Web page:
The Court of Appeal affirmed on the first ground only.[5] The court held that when defendant entered the private offices at issue, he had exited the part of the “commercial establishment” covered by Penal Code section 459.5 (section 459.5) and entered a “discrete area where [his] thefts could not be considered shoplifting.” The court reasoned that the term “ ‘commercial establishment’ ” generally refers to an establishment that is “ ‘primarily engaged in commerce, that is, the buying and selling of goods or services.’ ” The court concluded that the back offices did not meet this description; by contrast to the areas in which the general public is invited to peruse the goods on display, the back offices were “not areas in which goods were bought and sold” but were rather “areas off-limits to the general public.” Defendant’s sole intent, the court observed, was to steal from these private rooms; “otherwise he and his accomplice would have remained in the area where . . . goods were displayed rather than intruding into the private areas where the employees were likely to keep their personal belongings, such as purses and wallets, and where the business was likely to store larger amounts of cash.”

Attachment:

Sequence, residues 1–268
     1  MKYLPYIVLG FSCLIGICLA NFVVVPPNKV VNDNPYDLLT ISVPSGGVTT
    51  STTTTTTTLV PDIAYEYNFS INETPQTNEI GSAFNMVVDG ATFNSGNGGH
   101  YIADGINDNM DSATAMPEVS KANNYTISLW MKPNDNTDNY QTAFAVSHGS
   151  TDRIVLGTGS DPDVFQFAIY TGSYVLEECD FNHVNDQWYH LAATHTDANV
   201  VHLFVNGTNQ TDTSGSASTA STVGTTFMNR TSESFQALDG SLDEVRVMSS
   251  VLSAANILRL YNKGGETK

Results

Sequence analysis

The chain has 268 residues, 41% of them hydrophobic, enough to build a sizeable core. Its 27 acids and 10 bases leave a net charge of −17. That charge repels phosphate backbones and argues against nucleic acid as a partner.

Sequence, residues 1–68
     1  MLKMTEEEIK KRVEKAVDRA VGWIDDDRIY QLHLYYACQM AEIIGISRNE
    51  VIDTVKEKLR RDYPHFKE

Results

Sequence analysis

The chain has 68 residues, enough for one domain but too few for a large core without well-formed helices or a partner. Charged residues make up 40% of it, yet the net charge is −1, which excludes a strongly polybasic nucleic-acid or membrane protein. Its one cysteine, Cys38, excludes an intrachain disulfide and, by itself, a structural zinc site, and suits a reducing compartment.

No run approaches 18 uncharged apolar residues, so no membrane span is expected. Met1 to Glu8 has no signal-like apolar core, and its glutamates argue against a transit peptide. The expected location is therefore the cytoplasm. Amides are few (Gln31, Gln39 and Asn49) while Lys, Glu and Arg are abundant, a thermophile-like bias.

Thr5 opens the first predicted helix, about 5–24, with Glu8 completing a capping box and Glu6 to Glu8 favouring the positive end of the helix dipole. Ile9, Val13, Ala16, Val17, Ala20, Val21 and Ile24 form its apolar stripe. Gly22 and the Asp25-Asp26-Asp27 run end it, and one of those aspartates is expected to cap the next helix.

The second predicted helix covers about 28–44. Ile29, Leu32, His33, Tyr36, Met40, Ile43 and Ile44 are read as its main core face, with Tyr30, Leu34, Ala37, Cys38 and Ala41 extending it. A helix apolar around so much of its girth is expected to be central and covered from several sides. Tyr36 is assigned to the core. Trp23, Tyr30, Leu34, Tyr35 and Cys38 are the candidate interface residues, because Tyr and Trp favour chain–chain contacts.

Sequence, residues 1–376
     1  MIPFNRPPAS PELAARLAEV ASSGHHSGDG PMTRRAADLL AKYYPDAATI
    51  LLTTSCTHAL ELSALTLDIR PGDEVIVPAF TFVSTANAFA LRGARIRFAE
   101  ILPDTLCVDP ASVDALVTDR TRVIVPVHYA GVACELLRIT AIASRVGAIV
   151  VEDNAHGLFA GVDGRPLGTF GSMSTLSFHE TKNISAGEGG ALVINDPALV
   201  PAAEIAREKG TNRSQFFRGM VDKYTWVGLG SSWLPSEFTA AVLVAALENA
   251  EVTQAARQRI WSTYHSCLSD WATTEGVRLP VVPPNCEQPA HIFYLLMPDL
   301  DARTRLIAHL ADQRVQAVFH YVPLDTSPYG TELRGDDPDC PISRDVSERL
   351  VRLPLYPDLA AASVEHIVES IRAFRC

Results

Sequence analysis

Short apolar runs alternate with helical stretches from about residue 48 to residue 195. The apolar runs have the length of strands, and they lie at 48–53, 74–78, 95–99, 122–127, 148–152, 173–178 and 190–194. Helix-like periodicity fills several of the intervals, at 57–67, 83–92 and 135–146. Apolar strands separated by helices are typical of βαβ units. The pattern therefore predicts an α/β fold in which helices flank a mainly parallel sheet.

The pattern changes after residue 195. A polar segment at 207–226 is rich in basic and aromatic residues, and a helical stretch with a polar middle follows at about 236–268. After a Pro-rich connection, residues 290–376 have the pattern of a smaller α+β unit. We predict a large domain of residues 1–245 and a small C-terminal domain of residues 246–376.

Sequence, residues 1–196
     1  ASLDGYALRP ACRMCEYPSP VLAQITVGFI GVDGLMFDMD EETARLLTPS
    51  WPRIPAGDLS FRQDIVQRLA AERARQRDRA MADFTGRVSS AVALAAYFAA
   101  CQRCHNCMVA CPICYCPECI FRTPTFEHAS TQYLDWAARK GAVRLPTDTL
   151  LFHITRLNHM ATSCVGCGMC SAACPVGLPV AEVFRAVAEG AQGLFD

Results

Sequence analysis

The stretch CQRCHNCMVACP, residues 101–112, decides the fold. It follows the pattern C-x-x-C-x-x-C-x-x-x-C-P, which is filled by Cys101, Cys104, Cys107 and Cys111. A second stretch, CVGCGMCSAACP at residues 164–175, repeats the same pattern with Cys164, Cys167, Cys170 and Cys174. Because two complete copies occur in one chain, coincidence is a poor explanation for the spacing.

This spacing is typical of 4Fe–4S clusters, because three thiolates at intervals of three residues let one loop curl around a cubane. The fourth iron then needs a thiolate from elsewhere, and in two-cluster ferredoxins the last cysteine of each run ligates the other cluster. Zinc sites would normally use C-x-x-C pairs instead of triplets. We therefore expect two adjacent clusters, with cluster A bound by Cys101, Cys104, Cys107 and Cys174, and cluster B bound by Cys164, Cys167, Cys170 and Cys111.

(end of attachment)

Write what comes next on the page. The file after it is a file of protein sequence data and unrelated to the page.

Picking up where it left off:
Justice Rushing dissented. In his view, the statute’s plain language compels the conclusion that defendant committed shoplifting by entering the stores with intent to commit larceny. He opined that nonpublic areas form part of the “commercial establishment” covered by the shoplifting statute and thus disagreed with the majority that defendant exited the establishment by venturing into a nonpublic interior room.